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Adel Al-Jubeir, the kingdom’s minister of state for foreign affairs, called the visit “a great success” and dismissed questions about friction between the two countries. .

“Maybe the skeptics are people who are looking for theatrics or drama. However, the reality is that this relationship is very stable,” he told Arab News, a Saudi news organization.

Biden, when he speaks to the Gulf Cooperation Council, will offer his most comprehensive vision yet of the region and the U.S. role there, the White House said. The Biden administration is also expected to announce $1 billion in food security aid for the Middle East and North Africa.

The president’s first visit to the Middle East comes 11 months after the chaotic US withdrawal from Afghanistan and as Biden aims to shift US priorities away from the Middle East’s destructive wars and ongoing conflicts stretching from Libya to Syria.

Energy prices — elevated since Russia’s invasion of Ukraine — were expected to be high on the agenda. But Biden’s aides have played down expectations that he will leave with a deal for regional producers to boost supplies immediately.

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“I suspect you’re not going to see that for another couple of weeks,” Biden told reporters late Friday.

At the summit, Biden was scheduled to hear concerns about regional stability and security, food security, climate change and the continued threat of terrorism.

Overall, there isn’t much the nine Middle East heads of state agree on when it comes to foreign policy. For example, Saudi Arabia, Bahrain and the UAE are trying to isolate and squeeze Iran over its regional reach and proxies. Oman and Qatar, on the other hand, have solid diplomatic ties with Iran and have acted as mediators in negotiations between Washington and Tehran.

Qatar recently hosted talks between US and Iranian officials trying to revive the Iran nuclear deal. Not only does Iran share a huge undersea gas field with Qatar in the Persian Gulf, it also came to Qatar’s aid when Saudi Arabia, the UAE, Bahrain and Egypt cut ties and imposed a long-standing embargo on Qatar that ended shortly before Biden took office. Position .

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Biden’s actions have disappointed some of the leaders. Although the US played an important role in promoting the months-long truce in Yemen, its decision to reverse a Trump-era move that included Yemen’s Houthi rebels as a terrorist group angered the Emirati and Saudi leadership.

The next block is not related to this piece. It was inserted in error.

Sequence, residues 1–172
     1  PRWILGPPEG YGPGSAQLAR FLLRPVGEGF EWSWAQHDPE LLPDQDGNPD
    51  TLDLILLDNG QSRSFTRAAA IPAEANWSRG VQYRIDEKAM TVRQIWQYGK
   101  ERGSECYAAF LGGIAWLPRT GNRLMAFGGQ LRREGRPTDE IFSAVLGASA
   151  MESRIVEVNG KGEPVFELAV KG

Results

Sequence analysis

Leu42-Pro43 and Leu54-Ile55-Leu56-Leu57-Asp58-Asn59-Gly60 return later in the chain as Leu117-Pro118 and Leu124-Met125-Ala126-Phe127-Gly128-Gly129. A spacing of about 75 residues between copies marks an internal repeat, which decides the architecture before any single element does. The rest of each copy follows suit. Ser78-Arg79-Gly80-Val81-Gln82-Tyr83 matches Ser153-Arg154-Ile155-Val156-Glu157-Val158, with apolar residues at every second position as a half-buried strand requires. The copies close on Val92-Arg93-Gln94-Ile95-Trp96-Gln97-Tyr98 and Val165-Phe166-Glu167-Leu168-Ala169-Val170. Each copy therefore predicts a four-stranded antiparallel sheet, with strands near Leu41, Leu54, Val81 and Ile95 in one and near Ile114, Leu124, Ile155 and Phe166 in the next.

As for U.S. concerns about China’s expanding reach, China appears willing to provide Saudi Arabia with missile and nuclear technology that the U.S. is hesitant to do. China is also the largest buyer of Saudi oil.

For Iraq, which has the deepest and strongest ties to Iran of any Arab country, its presence at the meeting reflects Saudi Arabia’s efforts – backed by the US – to bring Iraq closer to Arab positions and the so-called Arab group. Iraq has hosted several rounds of direct talks between Saudi and Iranian officials since Biden took office, although the talks have yielded poor results.

Before the meeting, Iraqi Prime Minister Mustafa al-Qadhimi, who survived an armed drone attack in November, wrote in Foreign Policy that Iraq faces many problems but is working “to solve Iraqi problems with Iraqi solutions.”

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“When US President Joe Biden comes to the Middle East this week, he will arrive in a region facing multiple challenges, from terrorism to food insecurity and climate change,” he wrote. “But the Middle East is also a region that is increasingly facing these challenges together under the leadership of a group of leaders pursuing positive change.”

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Batrawy reported from Dubai, United Arab Emirates. Megerian and Miller reported from Washington.

Copyright 2022 The Associated Press. All rights reserved. This material may not be published, broadcast, rewritten or distributed without permission.

Biden meets Gulf Arab countries to counter Iran threat

Source link Biden meets Gulf Arab countries to counter Iran threat